I’ve met people, who, in our second or third conversation, would hesitate before reticently asking me “So, do Vietnamese people still hate Americans?” or stories of veterans, who fear ever coming back to Vietnam not purely because of the revival of traumatic experiences but mostly, because they unconsciously assume that Vietnamese people “are not over it”.

Terminology-wise, first off, Vietnamese people have never referred to the period between 1954 and 1975 as the Vietnam War. It was never our choice to bring war upon us and naming the intentional efforts of the American government to colonize Vietnam – the Vietnam War, to Vietnamese people, is incomprehensible. Given our 1,000 years of rule by the Chinese and 100 years of colonization by the French before, the American invasion would be known simply as the American war.

I don’t blame the general knowledge of Vietnam being limited to the notion of war. We are, after all, a nation shaped by war and resistance, losing generations of Vietnamese to the battlefield while our society, today, is still riddled with unresolved consequences from the war. 37 years after the guns have fallen silent, ordinances and mines still dot our terrain threatening to explode at any minute and children born today live still with congenital disabilities due to the effects of Agent Orange. While the war is an inseparable part of Vietnam’s identity, however,  it is not the whole of it.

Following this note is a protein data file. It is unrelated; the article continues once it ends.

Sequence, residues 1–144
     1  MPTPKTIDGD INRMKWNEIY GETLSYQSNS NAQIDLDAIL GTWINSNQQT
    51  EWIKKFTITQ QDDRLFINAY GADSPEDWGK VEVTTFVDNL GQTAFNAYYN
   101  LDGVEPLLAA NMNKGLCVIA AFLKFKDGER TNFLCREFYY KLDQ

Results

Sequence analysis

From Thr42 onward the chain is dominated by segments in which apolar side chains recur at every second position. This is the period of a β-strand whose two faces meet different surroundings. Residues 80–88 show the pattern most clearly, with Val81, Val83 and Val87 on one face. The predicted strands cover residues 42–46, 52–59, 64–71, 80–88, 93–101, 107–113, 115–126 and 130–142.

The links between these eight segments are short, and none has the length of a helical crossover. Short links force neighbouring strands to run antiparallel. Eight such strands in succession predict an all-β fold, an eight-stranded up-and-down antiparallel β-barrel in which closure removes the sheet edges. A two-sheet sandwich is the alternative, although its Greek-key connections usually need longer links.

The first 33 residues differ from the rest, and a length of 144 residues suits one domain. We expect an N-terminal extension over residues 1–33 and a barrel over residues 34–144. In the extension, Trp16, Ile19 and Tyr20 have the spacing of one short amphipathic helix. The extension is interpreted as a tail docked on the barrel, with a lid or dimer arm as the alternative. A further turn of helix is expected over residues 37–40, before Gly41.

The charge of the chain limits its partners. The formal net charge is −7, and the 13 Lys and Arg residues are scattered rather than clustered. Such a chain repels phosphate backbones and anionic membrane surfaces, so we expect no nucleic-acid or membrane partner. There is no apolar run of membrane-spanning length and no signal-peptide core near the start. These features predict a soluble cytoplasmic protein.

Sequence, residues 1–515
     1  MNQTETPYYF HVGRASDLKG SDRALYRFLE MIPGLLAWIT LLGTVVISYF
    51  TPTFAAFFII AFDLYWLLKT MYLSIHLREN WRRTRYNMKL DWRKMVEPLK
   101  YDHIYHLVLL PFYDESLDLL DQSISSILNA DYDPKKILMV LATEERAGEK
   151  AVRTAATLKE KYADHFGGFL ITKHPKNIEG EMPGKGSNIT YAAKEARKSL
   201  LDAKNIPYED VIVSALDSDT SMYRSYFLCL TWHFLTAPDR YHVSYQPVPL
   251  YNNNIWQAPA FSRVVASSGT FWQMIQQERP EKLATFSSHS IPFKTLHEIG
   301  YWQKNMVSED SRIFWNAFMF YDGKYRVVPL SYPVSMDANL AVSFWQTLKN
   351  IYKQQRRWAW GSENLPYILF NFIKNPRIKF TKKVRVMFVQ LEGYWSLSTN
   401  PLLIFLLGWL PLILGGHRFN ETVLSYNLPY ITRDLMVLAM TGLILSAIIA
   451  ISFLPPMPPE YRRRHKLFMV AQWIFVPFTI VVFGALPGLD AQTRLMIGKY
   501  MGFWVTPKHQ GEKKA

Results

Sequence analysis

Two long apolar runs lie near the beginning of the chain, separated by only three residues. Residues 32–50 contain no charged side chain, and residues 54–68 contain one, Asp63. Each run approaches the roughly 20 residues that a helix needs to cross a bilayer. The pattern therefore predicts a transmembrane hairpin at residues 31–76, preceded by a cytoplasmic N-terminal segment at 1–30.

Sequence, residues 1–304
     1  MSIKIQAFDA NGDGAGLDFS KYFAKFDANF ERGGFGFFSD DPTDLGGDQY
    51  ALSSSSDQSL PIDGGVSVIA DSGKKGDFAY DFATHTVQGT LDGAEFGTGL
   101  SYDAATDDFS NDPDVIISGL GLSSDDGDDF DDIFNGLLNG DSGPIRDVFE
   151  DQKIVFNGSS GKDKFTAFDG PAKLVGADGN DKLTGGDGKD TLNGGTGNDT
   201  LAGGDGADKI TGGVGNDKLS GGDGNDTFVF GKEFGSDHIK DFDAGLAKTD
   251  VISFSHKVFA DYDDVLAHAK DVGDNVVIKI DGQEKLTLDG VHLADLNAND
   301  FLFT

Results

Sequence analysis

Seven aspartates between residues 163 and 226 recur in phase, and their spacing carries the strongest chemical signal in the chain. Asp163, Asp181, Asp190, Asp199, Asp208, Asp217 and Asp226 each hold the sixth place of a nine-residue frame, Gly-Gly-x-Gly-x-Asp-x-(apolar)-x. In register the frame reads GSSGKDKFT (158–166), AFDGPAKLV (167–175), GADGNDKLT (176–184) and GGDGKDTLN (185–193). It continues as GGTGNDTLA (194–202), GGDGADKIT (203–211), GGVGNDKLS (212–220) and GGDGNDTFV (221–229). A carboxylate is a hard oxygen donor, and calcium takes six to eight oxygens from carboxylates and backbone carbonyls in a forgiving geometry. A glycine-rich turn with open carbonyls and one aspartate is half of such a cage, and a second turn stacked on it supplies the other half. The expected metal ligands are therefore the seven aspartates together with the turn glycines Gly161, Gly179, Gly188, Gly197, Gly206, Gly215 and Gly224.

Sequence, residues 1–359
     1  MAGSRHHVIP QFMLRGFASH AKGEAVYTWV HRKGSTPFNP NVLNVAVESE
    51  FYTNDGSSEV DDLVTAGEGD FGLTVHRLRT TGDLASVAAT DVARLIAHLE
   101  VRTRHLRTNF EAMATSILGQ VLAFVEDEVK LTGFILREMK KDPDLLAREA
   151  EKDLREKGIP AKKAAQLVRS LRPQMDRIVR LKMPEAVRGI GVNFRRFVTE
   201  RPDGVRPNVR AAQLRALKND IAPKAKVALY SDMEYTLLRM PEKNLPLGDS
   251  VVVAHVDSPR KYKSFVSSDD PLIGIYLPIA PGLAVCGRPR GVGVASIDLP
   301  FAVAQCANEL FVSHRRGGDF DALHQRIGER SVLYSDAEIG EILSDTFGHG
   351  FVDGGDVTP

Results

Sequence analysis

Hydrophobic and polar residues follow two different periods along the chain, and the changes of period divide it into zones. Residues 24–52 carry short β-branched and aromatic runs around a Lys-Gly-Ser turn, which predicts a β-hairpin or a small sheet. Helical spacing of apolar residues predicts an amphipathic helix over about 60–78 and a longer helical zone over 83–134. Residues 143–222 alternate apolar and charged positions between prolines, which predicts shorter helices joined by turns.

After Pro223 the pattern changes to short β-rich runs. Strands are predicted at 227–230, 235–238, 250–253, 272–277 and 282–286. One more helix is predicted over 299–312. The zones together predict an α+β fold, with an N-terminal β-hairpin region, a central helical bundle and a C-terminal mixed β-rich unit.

Hundreds of years of colonization have taught the Vietnamese to fully embrace their achieved independence and nearly 4 decades have been enough to see the Southeast Asian nation forge ahead first off, economically and more so, mentally past the war.

In sentiments to Americans, when he was alive, my grandfather, a witness to and active citizen in Vietnamese resistance against both the French and American invasion, stressed how many Vietnamese during and more so, after the war understood that it was the then American government and not the American people that their generation was fighting. While Vietnamese people may hold resentment towards the war, and what it took away and left behind in its course of destruction, I believe I speak for many when I say, we don’t hold a grudge towards the US as a nation and certainly not as a people. Let me take half a step back on my word to also note that there is no divide between black and white here, we must understand that even though it was a war between Vietnamese and Americans, there were Vietnamese on the side of Americans and Americans supporting the cause of the Vietnamese.  That grey area alone offers space for many questions and analysis into how the war was perceived then and even now. The opinion provided here is therefore, my general prospective on Vietnam today.